Monday, December 17, 2012

A Flocked Christmas Tree


A couple of weeks ago while we were on our quest for pine boughs to decorate our house with, we stopped at a nursery in our neighborhood.  At this particular nursery, they sold real Christmas trees that had been decorated with flocking.  Let me tell you guys, if I had an extra $150 burning a hole in my pocket every December, I would buy a real, flocked Christmas tree.  I would.  They are beautiful!  Just look!

Of course, we left that nursery without a flocked tree and came home to this tree.  Of all the Christmas trees in our house, this one was the Charlie Browniest.  I couldn't stop thinking about those flocked trees.

I really wanted to flock the little artificial Christmas tree for our basement family room.  I did some research and wasn't able to find much information on flocking your own Christmas tree.  The information I did find said that you would need a machine that would spray the flocking on to your tree and there was no way that I would be able to find or purchase something like that.  Other tutorials said to use a mixture of soap and water, but that approach was more suitable to a real Christmas tree that could be disposed of after the end of the holiday.  My husband called the nursery that sold the flocked trees and asked if there was any way to flock an artificial tree.  The employees there were quite helpful and gave us some information which I will share with you today!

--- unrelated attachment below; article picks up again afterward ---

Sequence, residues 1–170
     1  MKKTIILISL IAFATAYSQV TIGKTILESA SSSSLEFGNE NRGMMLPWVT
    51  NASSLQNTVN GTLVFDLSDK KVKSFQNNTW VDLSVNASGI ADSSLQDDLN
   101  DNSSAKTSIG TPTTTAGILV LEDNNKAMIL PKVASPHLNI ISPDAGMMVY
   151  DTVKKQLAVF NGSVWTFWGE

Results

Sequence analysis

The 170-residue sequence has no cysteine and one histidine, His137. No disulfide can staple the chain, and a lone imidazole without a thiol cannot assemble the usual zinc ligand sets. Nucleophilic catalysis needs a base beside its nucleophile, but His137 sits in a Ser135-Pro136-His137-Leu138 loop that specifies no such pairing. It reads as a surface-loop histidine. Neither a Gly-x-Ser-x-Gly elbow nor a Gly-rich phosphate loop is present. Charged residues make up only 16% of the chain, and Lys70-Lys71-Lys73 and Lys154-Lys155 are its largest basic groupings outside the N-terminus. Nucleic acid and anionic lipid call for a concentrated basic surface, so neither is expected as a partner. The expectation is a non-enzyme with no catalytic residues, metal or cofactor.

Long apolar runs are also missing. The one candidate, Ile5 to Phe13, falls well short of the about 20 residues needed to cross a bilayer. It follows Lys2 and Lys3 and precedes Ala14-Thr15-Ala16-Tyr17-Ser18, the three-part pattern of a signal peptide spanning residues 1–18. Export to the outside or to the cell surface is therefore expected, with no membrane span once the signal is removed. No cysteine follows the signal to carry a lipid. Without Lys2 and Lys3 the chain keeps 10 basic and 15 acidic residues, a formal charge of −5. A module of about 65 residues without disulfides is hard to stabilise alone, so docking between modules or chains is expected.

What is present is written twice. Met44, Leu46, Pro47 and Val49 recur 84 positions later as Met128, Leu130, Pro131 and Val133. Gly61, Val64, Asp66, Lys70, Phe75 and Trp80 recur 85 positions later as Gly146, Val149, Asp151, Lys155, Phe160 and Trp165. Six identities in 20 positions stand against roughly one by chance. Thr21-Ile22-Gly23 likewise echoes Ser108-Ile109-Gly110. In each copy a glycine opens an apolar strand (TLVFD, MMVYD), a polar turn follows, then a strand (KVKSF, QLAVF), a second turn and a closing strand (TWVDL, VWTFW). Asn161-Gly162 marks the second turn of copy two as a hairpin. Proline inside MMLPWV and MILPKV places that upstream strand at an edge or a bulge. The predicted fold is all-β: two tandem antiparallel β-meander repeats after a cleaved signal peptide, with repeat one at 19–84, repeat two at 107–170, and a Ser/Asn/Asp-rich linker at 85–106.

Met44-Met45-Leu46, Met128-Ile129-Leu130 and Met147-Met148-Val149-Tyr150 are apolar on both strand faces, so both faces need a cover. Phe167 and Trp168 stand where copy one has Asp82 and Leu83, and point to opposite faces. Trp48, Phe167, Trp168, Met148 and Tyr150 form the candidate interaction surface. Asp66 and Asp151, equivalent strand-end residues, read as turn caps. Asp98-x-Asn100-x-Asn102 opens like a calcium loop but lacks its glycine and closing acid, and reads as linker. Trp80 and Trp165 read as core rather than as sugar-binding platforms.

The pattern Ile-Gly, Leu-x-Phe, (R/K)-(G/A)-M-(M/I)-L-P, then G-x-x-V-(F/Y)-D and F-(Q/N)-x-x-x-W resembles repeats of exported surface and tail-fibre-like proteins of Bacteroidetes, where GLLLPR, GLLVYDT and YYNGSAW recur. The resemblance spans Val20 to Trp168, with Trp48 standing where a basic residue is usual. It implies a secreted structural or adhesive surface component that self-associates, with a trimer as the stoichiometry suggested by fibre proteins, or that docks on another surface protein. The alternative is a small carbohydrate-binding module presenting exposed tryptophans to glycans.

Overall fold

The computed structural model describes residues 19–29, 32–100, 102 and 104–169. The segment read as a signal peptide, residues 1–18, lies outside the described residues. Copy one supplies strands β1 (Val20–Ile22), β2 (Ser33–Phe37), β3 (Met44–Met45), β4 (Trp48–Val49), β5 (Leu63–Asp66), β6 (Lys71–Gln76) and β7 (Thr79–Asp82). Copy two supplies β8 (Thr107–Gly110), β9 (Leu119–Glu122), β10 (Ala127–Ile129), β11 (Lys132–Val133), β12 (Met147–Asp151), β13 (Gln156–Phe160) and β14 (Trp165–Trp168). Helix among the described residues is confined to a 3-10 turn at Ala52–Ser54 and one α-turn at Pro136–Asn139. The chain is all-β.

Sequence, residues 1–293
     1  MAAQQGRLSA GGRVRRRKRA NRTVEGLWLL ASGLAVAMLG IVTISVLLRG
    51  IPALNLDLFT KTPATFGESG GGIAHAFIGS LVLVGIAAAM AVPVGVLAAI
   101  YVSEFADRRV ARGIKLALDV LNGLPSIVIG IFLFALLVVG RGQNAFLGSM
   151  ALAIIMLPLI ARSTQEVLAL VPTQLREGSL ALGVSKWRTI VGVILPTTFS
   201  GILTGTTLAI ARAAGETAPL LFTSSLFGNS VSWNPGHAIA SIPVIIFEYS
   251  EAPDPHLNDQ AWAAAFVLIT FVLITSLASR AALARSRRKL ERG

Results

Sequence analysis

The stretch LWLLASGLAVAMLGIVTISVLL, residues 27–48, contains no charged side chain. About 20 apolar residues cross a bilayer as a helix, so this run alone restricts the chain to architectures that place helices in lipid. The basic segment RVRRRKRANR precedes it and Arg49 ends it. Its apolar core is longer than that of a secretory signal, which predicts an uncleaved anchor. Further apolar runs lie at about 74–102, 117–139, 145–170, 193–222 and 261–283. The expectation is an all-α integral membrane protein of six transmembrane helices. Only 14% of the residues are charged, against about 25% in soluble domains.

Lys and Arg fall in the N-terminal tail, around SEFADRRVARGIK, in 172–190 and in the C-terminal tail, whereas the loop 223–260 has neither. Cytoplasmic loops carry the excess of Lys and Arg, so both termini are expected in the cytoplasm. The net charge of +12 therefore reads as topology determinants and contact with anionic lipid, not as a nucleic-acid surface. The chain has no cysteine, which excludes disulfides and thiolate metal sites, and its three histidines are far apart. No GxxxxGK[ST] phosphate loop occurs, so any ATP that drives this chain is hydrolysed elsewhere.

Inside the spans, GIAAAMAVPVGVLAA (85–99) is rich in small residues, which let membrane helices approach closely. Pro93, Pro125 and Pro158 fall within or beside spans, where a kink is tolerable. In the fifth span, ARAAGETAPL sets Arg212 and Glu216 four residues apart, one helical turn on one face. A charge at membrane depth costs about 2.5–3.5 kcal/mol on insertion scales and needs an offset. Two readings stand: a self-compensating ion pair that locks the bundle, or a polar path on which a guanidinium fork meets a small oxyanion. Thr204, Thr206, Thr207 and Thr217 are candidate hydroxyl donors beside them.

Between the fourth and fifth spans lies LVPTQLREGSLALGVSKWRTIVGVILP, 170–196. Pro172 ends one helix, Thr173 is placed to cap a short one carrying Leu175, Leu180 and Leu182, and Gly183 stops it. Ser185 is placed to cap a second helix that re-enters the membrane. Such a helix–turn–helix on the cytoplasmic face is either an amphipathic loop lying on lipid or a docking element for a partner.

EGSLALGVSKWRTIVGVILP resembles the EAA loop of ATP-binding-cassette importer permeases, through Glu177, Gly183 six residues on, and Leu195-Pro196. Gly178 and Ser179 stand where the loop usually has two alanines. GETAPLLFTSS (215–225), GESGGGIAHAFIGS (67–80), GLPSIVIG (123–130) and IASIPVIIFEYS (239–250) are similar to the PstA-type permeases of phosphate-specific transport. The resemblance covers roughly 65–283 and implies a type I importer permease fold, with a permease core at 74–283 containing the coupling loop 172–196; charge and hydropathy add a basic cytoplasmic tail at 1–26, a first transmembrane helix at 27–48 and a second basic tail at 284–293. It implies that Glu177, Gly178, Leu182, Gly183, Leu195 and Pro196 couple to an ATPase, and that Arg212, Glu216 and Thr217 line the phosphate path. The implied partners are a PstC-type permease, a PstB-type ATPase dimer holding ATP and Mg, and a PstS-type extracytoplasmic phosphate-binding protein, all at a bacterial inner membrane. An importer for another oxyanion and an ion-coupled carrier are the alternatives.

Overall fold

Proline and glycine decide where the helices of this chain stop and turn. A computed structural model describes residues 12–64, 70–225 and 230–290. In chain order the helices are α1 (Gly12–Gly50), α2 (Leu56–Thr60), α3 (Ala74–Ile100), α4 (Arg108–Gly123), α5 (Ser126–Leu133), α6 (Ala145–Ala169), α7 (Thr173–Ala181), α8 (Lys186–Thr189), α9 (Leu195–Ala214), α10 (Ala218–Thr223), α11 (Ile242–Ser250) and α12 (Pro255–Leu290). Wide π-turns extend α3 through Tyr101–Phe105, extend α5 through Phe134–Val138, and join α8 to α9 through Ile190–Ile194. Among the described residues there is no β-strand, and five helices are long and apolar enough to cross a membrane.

I am not going to be confident enough to call this a tutorial for a couple of reasons.  I do not know how the flocking will hold up after Christmas is over.  The employee we spoke to at the nursery said that it should last for a couple of years, but there is no certainty in that.  Our plan is to remove the ornaments and lights but leave the rest of the tree together, since pushing the branches down and storing it in a box will no longer be an option.  Putting it in a Christmas tree bag and keeping it in our attic will hopefully preserve the flocking for at least a couple of years. 

Also, I'm not sure that there is a "technique" to this.  The employee at the store said to "throw the flocking at the tree", which I did do at times.  I also "sprinkled" the flocking on to the tree.  At times, I "pushed" the flocking onto the tree.  In other words, I basically flew by the seat of my pants on this project, not knowing for sure if it would turn out until the end.  Yikes.  I'm still not confident about how I went about it, thus, I won't call it a tutorial.  I'm not a flocking expert.  However, I will tell you that it made our artificial tree much prettier to look at and it was worth the time, effort, and money put into it.  So that's that.  I would be happy to try and answer any questions you may have, but I can't guarantee good results for your tree should you try it yourself.

Let's move on.  To flock our Christmas tree, I used the following supplies:

a Christmas tree (artificial)\
spray paint
flocking powder (I bought a 5 lb. bag for $5.00 per lb.)
a spray bottle filled with water
a mask
safety glasses
rubber gloves (optional)
old clothing (this project is messy!)

To start, I brought our 6'x3' tree outside and primed it with a very light coat of spray paint.  I am not sure if this step was necessary, however I wanted the flocking to adhere to the tree as best as possible.